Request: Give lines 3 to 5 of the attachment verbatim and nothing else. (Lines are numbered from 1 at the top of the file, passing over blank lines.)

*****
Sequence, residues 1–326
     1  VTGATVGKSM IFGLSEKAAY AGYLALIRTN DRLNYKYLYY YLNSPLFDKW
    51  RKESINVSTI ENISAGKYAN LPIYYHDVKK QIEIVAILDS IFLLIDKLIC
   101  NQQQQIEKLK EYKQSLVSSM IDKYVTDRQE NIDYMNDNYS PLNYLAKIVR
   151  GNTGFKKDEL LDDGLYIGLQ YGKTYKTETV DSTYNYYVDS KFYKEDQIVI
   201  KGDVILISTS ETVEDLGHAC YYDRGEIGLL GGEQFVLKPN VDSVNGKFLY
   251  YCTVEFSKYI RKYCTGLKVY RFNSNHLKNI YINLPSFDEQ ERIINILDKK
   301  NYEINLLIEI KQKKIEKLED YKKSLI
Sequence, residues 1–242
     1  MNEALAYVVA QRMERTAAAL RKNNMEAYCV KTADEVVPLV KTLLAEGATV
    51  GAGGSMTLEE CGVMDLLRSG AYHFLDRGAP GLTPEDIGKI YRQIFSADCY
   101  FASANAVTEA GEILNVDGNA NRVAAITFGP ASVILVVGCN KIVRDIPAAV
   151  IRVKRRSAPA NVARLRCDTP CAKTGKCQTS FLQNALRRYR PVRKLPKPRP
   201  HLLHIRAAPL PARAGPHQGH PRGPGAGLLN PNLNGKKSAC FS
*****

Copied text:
    51  RKESINVSTI ENISAGKYAN LPIYYHDVKK QIEIVAILDS IFLLIDKLIC
   101  NQQQQIEKLK EYKQSLVSSM IDKYVTDRQE NIDYMNDNYS PLNYLAKIVR
   151  GNTGFKKDEL LDDGLYIGLQ YGKTYKTETV DSTYNYYVDS KFYKEDQIVI